# Speeding up the training

CatBoost provides several settings that can speed up the training.

Note

Certain changes to these parameters can decrease the quality of the resulting model.

## Training on GPU

If the dataset is large enough (starting from tens of thousands of objects), training on GPU gives a significant speedup compared to training on CPU. The larger the dataset, the more significant is the speedup. For example, the speedup for training on datasets with millions of objects on Volta GPUs is around 40-50 times.

## Iterations and learning rate

By default, CatBoost builds 1000 trees. The number of iterations can be decreased to speed up the training.

When the number of iterations decreases, the learning rate needs to be increased. By default, the value of the learning rate is defined automatically depending on the number of iterations and the input dataset. Changing the number of iterations to a smaller value is a good starting point for optimization.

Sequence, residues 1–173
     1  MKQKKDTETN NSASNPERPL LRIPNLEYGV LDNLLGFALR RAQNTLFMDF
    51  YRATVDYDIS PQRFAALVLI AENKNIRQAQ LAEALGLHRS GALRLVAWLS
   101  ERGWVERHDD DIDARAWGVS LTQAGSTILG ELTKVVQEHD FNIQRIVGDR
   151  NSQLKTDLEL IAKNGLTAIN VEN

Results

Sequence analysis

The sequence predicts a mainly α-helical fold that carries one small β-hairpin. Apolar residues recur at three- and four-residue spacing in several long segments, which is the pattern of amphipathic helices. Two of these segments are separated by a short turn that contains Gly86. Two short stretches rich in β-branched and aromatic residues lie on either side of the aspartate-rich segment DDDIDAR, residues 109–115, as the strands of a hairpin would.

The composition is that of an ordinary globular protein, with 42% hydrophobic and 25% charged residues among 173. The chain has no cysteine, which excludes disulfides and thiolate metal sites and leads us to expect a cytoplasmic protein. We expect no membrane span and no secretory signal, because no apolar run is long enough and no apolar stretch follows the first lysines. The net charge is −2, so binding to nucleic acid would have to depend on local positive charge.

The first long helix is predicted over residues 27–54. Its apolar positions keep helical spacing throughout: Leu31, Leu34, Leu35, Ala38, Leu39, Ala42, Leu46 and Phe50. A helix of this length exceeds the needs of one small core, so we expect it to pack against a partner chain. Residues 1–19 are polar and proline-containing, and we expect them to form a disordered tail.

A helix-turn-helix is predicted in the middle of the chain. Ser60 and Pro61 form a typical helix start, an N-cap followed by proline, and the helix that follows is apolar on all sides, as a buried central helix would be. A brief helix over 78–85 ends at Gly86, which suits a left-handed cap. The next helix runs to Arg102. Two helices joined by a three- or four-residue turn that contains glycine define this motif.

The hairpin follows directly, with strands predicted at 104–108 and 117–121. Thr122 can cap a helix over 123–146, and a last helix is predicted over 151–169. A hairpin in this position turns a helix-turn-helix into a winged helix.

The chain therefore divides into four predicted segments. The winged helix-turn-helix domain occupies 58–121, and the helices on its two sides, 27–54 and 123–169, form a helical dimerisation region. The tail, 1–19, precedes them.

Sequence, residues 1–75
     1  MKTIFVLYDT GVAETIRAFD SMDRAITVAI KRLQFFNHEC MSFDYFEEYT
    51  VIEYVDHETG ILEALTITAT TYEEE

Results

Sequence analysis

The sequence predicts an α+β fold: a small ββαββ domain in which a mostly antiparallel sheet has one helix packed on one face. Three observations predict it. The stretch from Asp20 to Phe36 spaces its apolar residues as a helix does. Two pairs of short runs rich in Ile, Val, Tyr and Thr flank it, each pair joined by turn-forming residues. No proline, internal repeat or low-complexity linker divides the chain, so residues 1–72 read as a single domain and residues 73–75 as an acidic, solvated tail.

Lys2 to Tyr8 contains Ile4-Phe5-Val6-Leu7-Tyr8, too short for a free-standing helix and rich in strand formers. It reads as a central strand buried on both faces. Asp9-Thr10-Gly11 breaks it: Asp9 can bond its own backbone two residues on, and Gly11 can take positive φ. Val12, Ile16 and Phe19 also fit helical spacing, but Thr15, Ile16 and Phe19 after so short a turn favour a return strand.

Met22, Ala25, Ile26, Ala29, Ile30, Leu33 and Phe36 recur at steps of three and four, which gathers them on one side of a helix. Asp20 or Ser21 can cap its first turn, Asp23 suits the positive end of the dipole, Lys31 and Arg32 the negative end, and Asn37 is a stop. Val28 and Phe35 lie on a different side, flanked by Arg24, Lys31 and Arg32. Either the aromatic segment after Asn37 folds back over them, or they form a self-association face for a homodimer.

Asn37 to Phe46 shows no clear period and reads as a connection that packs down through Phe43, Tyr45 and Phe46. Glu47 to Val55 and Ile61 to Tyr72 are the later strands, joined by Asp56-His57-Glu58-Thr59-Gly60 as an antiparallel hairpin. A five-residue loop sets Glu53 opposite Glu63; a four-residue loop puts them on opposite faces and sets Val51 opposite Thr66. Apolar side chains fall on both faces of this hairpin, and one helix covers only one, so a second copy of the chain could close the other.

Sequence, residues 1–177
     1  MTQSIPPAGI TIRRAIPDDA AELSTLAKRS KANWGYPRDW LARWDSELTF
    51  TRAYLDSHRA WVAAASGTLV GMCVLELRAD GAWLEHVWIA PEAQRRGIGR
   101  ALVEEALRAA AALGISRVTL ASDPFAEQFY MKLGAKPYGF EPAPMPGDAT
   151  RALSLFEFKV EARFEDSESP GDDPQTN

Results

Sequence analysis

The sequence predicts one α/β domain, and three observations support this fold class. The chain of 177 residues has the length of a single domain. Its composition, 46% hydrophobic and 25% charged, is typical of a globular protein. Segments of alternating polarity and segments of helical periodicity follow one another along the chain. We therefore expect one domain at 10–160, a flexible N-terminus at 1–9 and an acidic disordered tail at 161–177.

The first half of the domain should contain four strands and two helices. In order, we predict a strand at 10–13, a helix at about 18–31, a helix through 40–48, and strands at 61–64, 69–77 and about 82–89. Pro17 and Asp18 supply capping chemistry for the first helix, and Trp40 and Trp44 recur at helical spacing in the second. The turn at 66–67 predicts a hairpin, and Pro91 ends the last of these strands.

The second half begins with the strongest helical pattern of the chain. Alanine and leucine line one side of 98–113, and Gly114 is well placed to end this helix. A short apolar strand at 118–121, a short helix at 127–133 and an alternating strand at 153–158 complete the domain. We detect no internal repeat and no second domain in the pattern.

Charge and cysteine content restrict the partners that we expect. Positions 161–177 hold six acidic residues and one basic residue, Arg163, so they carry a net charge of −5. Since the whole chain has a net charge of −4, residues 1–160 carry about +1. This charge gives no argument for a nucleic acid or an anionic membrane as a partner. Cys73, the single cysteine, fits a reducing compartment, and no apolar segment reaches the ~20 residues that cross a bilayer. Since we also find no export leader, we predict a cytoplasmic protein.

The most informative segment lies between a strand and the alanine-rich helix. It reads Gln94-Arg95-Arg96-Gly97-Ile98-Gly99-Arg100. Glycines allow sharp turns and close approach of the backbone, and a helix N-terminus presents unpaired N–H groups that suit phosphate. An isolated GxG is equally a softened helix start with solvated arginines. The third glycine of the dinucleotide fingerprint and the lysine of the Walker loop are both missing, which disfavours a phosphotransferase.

The default learning rate is close to optimal one, but it can be tuned to get the best possible quality. Look at evaluation metric values on each iteration to tune the learning rate:

- Decrease the learning rate if overfitting is observed.
- Increase the learning rate if there is no overfitting and the error on the evaluation dataset still reduces on the last iteration.

Command-line version parameters | Python parameters | R parameters |
---|---|---|

`-i` `--iterations` |
`iterations` Aliases:- `num_boost_round` - `n_estimators` - `num_trees` |
`iterations` |

`-w` `--learning-rate` |
`learning_rate` Alias:`eta` |
`learning_rate` |

## Boosting type

By default, the boosting type is set to for small datasets. This prevents overfitting but it is expensive in terms of computation. Try to set the value of this parameter to to speed up the training.